Abraham fully trusted God in whatever He chose to do; he told the young men with him and Isaac, “Stay here with the donkey, and I and the lad will go over there; and we will worship and return to you” (Genesis 22:5). Isaac carried the wood for the burnt offering much like Jesus hundreds of years later, bore His cross. As they walked along together, Abraham’s heart must have been in a thousand pieces when he heard Isaac ask, “My Father! Behold, the fire and the wood, but where is the lamb for the burnt offering?” (Genesis 22:7) Abraham responded, “God will provide for Himself the lamb for the burnt offering my son” (Genesis 22:8).
Isaac trusted his father. He watched Abraham build an altar; he allowed himself to be bound and placed on top of the wood, and saw his father stretch out his hand holding the knife to slay him.
And we know the rest of the story. The angel of the Lord called to Abraham and said, “Do not stretch out your hand against the lad, and do nothing to him; for now I know that you fear God, since you have not withheld your son, your only son, from Me” (Genesis 22:12). It was then that Abraham looked, and saw a ram caught in a thicket by his horns. The Lord had indeed provided the sacrifice. Abraham came down from Mount Moriah with his son. But there are some of us whose Moriah story has a very different ending. We did not get to come down from the mountain with our child/children.
I am thankful that unlike Abraham, I was not asked to “go to the land of Moriah and offer” my sons, whom I loved, as a sacrifice. I don’t know that I could have responded in the way Abraham did. Both of our sons died; we did everything possible to save them, but to no avail .Was God in control when they died? Absolutely. Could He have written a very different ending to our Moriah story? Certainly. But He did not.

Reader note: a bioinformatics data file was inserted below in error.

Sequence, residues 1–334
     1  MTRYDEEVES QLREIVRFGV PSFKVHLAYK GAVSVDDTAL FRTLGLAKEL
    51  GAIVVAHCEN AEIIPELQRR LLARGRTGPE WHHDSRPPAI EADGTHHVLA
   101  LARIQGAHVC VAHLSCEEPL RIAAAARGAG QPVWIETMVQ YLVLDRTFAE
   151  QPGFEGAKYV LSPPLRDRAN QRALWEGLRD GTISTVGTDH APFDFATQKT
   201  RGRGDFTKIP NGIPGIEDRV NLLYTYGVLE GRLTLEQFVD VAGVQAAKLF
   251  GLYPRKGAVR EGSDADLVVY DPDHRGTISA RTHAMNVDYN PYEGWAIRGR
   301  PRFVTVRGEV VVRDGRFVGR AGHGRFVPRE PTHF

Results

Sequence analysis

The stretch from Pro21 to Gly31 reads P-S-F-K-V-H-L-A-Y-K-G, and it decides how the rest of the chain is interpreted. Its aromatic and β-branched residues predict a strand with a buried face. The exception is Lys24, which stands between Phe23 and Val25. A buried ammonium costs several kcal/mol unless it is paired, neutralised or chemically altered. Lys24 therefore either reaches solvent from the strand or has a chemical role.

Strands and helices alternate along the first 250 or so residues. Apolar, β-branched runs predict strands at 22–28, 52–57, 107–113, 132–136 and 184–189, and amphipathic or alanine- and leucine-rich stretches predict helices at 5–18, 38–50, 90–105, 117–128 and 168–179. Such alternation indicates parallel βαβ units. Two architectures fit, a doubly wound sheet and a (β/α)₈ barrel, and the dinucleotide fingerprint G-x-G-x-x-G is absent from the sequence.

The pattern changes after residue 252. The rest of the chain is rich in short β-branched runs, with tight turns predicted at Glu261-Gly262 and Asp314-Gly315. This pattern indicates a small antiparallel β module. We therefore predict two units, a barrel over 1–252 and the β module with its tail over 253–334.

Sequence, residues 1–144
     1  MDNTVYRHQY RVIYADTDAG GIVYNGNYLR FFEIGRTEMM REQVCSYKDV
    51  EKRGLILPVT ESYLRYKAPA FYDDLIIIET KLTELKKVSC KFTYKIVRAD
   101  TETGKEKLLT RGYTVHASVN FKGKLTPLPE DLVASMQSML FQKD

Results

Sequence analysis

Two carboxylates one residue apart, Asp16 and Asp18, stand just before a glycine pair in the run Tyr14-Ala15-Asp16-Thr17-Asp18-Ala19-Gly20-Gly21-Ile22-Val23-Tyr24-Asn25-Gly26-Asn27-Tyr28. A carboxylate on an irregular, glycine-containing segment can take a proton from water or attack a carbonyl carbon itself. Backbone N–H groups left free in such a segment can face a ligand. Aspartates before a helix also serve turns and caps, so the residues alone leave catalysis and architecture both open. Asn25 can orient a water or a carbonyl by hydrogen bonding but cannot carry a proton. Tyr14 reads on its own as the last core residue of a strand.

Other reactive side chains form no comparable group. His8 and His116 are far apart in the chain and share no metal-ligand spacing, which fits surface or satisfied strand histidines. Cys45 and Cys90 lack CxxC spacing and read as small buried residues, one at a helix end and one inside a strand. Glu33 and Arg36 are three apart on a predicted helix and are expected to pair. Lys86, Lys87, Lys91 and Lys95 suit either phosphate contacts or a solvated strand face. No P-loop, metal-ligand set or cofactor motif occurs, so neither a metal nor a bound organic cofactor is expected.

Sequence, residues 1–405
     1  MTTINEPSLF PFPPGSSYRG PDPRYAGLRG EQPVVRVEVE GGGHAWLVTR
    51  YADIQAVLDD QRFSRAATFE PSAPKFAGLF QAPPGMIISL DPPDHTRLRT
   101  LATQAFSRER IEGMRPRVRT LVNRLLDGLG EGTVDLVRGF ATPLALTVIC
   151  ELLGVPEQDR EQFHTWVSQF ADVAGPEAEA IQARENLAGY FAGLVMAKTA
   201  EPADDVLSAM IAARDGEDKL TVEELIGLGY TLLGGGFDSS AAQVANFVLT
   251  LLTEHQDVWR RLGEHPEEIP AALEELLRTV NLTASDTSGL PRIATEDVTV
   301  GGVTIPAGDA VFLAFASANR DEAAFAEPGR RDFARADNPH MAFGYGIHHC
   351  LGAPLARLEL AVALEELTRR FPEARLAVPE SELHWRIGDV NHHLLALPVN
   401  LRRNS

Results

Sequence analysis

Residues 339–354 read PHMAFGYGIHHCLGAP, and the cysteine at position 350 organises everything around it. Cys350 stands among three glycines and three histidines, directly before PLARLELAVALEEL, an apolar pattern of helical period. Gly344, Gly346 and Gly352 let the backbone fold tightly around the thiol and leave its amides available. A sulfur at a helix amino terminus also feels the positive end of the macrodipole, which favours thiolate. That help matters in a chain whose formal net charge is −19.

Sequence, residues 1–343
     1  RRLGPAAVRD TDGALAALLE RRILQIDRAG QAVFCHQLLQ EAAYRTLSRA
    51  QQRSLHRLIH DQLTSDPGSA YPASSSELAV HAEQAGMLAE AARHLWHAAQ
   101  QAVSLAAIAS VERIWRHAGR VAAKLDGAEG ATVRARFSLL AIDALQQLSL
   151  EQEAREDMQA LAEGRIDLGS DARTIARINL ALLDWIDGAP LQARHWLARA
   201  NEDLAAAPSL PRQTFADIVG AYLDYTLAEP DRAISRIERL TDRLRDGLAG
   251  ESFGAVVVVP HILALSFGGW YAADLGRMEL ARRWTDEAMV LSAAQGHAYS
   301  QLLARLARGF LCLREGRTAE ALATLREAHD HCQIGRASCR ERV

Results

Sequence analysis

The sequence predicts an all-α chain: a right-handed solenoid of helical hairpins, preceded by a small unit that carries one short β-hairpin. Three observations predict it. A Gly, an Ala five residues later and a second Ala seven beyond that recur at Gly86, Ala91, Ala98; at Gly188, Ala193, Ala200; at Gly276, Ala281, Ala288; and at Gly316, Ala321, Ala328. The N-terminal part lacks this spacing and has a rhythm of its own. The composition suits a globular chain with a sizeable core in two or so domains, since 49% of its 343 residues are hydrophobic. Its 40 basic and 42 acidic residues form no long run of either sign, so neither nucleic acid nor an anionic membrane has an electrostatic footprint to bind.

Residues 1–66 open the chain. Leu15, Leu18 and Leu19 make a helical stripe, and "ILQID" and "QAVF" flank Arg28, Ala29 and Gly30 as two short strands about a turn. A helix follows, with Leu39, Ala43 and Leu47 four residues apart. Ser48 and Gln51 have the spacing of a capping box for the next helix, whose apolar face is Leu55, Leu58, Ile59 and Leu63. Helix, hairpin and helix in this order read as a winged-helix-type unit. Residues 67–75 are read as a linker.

While our outcome and Abraham’s were very different, the “test” was the same. Abraham could have chosen to obey God, or not. We can choose to allow the deaths of our sons to define us, or not; we can become better or bitter…and I have spent some time being bitter. We can rail against God, refusing to trust Him in the “hard”, or we can give Him the “hard” and ask Him to use our life experiences to bless others. We can be grateful for the time we were given with our sons, or choose to dwell on all that we lost.
In the day of the prophet Habakkuk, the Chaldeans’ invasion made the land barren. Habakkuk was a believer, but like us, he did not understand the ways of God. Why had God allowed the Chaldeans, a group of people who were more wicked than the Jews, to punish the Jews? They raided the land; nothing prospered. Habakkuk had a choice. He could rail against God, failing to see or acknowlege God’s goodness in any area of his life, or he could trust God, knowing his sovereign Lord allowed whatever circumstances he faced. He penned these words:
Though the fig tree should not blossom And there be no fruit on the vines, Though the yield of the olive should fail And the fields produce no food, Though the flock should be cut off from the fold And there be no cattle in the stalls, Yet I will exalt in the LORD, I will rejoice in the God of my salvation. The LORD GOD is my strength” (Habakkuk 3:17-19a).